The schizophrenia isn't "race" based, as in so-called African American versus Latinos and one wanting to be like the other, as the poem below may allude to. The poem from Willie Perdomo actually speaks to a truth, that there is no difference between so-called African Americans and so-called Latinos. We both have ancestors in Africa and in Native America. We are both Original people and are in fact ONE people-ONE race, in light of Allah's understanding. After all there are only two people on the planet according to our (the Nation of Gods and Earths) paradigm- the Original people and the Colored people. People of color and non-people of color. The schizophrenia is based in us living other than who we are. Remember it is largely due to environmental influences that we see each other as completely different. Yet, these environmental influences encourages a preference for things Euro-centric and the yearn to kindle an affinity for Euro-centrism and those who usher it. I-self have been called "too black" by some Latinos because I don't "sound" Latino. They thought I sounded "black" and also because I enojy hip-hop music and/or wear my clothes etc. Unfortunately, they are ignorant to their history and the "Latin" contribute to hip-hop from day one. And as well, they being unfamiliar with who I am, were ignorant to my upbringin' in a predominately African-American neighborhood which fostering a clearer understanding of our relationship to one another. Whereas other Latinos may only know of their African-American brothers and sisters from BET or what they held on to from bad experiences. And the same goes for African Americans and their perspectives on Latinos, and their isolation from us. However, my life experience allowed me to understand and appreciate Original peoples our are various cultural manifestations and expressions beyond the limitations of typical Latin upbringing. For instance, to take a light skinned Latino and understand him or her as no different from a "high yellow" brother or sister from Louisiana and the only difference being in the language they speak. Other than that, both peoples are the results of Indian, African and the mid-atlantic malay that mingled the slave traders and masters blood in us.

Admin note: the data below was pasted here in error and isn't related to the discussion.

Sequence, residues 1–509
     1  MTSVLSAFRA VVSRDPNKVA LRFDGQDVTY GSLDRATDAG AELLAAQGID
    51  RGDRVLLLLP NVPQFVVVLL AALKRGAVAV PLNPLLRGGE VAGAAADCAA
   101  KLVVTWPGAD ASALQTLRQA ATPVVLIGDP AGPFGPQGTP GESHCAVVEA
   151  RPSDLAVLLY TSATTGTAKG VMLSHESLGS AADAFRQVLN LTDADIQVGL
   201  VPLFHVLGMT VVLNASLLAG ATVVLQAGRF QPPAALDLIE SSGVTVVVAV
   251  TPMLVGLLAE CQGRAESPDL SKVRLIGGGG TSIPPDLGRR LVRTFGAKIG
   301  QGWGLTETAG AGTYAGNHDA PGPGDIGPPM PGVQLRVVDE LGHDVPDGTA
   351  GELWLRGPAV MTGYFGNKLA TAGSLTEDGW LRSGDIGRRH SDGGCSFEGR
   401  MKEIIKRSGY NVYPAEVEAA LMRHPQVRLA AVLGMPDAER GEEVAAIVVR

Nigger-Reecan Blues

by Willie Perdomo (for Piri Thomas)

Hey, Willie. What are you, man?

No, silly. You know what I mean: What are you?

I am you. You are me. We the same. Can't you feel our veins drinking the same blood?

-But who said you was a Porta Reecan?

-Tu eres Puerto Riqueno, brother.

-Maybe Indian like Gandhi Indian.

-I thought you was a Black man.

-Is one of your parents white?

-You sure you ain't a mix of something like

-Portuguese and Chinese?

-Naaaahhh. . .You ain't no Porta Reecan.

-I keep telling you: The boy is a Black man with an accent.

If you look closely you will see that your spirits are standing right next toour songs. You soy Boricua! You soy Africano! I ain't lyin'. Pero mi pelo eskinky y kurly y mi skin no es negra pero it can pass. ..

-Hey, yo. I don't care what you say - you Black.I ain't Black! Everytime I go downtown la madam blankeeta de madesson avenue sees that I'm standing right next to her and she holds her purse just a bit tighter. I can't even catch a taxi late at night and the newspapers saythat if I'm not in front of a gun, chances are that I'll be behind one. I wonder why. . .

-Cuz you Black, nigger.

I ain't Black, man. I had a conversation with my professor. Went like this:

-Where are you from, Willie?

-I'm from Harlem.

-Ohh! Are you Black?

-No, but-

-Do you play much basketball?

Te lo estoy diciendo, brother. Ese hombre es un moreno!


Mira yo no soy moreno! I just come out of Jerry's Den and the

coconut spray off my new shape-up sails around the corner, up to the Harlem River and off to New Jersey. I'm lookin' slim and I'm lookin' trimand when my homeboy Davi saw me, he said: "Como, Papo. Te parece como un moreno, brother. Word up, bro. You look like a stone black kid."